In addition, there was a threat of libel proceedings the evening before the tribunal case to the residents’ leader TV producer Jane Hewland.

The residents were represented for free by LKP / Campaign against retirement leasehold exploitation, which feels strongly on this issue, and they won the case. More here

The DCLG says there should be more awareness of what being a leaseholder means before people buy leasehold properties.

LKP / Campaign against retirement leasehold exploitation fully endorses this, although the sector likes to pretend that disputes concerning all sorts of highly complicated and sometimes dubious revenue streams would be prevented if only residents read their leases.

Civil servants have noticed that if freeholders are prepared to blow £74,560 to prevent a recognised residents’ association – a very minor matter in most circumstances – then mugging up on the lease before purchase is not a panacea for all.

The DCLG staff say that residents should more easily gain information on absentee leaseholders, especially where owners wish to buy the freehold.

This is vital for leaseholders trying to organise right to manage, and every effort is made by some freeholders to prevent and frustrate leaseholders from organising collectively.

Finally, the DCLG want to ensure freeholders provide a realistic valuation of the price a leaseholder would have to pay to buy the freehold or extend their lease. Excellent.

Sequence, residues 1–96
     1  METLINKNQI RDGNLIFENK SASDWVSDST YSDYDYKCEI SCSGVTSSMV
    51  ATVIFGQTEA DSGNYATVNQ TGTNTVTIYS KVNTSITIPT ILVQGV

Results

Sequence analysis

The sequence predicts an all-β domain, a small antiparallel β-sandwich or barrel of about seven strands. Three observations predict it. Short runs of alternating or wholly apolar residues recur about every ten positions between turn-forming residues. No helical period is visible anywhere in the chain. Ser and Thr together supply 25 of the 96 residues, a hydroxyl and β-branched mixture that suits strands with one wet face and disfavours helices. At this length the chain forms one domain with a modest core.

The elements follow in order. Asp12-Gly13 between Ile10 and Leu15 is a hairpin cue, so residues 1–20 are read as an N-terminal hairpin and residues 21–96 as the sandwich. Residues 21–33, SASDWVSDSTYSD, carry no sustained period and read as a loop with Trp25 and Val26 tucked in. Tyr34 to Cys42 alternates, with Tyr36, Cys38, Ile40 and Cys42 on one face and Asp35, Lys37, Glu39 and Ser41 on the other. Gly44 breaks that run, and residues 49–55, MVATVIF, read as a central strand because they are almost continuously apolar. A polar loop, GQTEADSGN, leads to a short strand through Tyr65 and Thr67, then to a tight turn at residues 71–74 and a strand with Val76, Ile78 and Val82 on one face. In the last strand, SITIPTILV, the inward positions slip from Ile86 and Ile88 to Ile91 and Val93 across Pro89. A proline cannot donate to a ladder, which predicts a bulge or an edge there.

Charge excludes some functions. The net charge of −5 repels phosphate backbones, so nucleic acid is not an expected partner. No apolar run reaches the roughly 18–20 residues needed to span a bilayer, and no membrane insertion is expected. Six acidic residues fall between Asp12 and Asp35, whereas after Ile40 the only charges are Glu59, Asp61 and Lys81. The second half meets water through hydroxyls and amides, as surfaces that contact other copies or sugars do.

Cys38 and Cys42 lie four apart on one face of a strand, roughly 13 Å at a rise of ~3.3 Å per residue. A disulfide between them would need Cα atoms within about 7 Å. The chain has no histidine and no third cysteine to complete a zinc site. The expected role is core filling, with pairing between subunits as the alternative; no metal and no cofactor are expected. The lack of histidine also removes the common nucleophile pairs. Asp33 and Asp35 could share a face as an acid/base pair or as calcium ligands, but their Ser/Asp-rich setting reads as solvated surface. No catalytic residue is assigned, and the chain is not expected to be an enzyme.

The full DCLG announcements can be read here



  1. A Reviewer says


    It simply proves that campaigning with PROVEN facts does work.

    Also that persistence pays off. Persistence is NOT mean that one is Vexatious.


  2. Alex Ellison says

    Well done and thank you to Campaign against retirement leasehold exploitation and LKP for their tireless campaigning – it looks as if the tide is turning.

  3. This will be a great step forward, so long as Tchenguiz, et al don’t start “contributing” to the party funds for the next election.

    • Michael Hollands says

      I think by now they must have fallen out with the Institutions of this country.
      More likely to donate to the Peverel Pensioners Welfare Fund